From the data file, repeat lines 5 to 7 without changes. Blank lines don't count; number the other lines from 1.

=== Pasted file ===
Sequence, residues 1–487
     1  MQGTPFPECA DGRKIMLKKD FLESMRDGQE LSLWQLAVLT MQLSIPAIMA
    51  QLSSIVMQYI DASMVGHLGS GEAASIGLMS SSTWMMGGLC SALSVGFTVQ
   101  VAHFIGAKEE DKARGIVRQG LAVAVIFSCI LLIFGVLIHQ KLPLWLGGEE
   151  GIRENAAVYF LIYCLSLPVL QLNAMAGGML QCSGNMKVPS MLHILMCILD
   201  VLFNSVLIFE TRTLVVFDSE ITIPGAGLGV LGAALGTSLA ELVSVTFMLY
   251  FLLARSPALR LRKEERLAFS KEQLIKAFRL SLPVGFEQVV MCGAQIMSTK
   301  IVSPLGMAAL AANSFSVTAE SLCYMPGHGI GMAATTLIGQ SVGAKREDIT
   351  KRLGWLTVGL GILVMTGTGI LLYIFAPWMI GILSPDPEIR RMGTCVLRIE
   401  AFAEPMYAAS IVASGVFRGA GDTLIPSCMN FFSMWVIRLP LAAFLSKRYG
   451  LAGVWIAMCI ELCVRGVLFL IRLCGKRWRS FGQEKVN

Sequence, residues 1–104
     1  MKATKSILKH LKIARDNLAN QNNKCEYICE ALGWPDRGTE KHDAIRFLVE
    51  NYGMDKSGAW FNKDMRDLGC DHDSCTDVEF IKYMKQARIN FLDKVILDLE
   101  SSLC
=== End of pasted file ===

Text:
   151  GIRENAAVYF LIYCLSLPVL QLNAMAGGML QCSGNMKVPS MLHILMCILD
   201  VLFNSVLIFE TRTLVVFDSE ITIPGAGLGV LGAALGTSLA ELVSVTFMLY
   251  FLLARSPALR LRKEERLAFS KEQLIKAFRL SLPVGFEQVV MCGAQIMSTK